Does Color Matter for Cat Toys?
You may notice that most cat toys are made in primary colors, but do cats actually care about color? While cats do have the “equipment” to see in colors, in particular blues and greens, they don’t seem to particularly care about them.
In experiments with cats, scientists discovered that patterns were more important that colors to cats, which makes sense. Stripes, spots, and blotches of contrasting color likely do more to float your cat’s boat than any neon mouse. If the toy is designed to be chased across the carpet, choose one in a contrasting color so it shows up light against dark or vice versa.
Choosing a Cat Toy for Your Cat
The best toy for your cat will depend first on your cat’s age, and second on his or her individual kitty personality. Kittens go through a period of self-play where they entertain themselves. This includes everything from chasing their own tails to object play—chasing balls, patting objects, “gravity experiments” where they knock breakables off counters and more. But the object play gives way to interactive games with other cats or the human (chasing another cat, wrestling, grappling human feet under the covers).
The intensity and duration of play fade as the kitten matures. Some cats continue to be active as adults and prefer cat-on-cat games, while others prefer interactive toys the owner provides. It’s really a matter of taste, with two key ingredients: (1) movement and (2) human bonding/interaction. Cats don’t tend to play with any animal or human that they don’t like.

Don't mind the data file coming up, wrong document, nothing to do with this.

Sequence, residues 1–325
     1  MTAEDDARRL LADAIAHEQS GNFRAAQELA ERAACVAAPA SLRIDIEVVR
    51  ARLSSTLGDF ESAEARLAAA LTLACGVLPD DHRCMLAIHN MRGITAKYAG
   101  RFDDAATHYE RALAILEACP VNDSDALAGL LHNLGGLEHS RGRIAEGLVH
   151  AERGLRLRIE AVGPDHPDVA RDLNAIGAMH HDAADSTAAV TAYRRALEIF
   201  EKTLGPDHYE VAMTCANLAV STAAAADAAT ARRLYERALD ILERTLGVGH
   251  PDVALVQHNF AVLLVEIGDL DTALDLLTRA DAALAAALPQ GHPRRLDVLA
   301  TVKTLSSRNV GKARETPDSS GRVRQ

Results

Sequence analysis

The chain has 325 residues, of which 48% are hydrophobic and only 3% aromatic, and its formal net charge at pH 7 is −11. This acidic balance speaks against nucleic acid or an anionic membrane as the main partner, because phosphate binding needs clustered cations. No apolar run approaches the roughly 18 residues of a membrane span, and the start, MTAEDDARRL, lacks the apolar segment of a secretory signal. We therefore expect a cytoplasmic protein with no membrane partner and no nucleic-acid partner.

Getting Your Cat to Engage in Play
Does your cat just love chasing a clockwork mouse down the stairs but when you try to do the same with, say, a ping-pong ball and all your get is a blank stare? It's possible that for some cats it's as much as about the game as it is the toy. Maybe balls just don’t pop their cork. Maybe the clockwork mouse really tickles their feline fancy. Consider what is different about one toy over another and try to find something similar to the toy your cat seems to prefer. Cats, like toddlers, can become easily bored with toys.
Try to have a nice selection and provide three or four options (per cat) for play, and then rotate them. Put some away for a while so they have fresh ones that spur interest. Another trick might be to store the balls (or any toy) in a plastic sealable baggy that’s filled with potent catnip. That way when new toys come out for the rotation, they also have an alluring scent.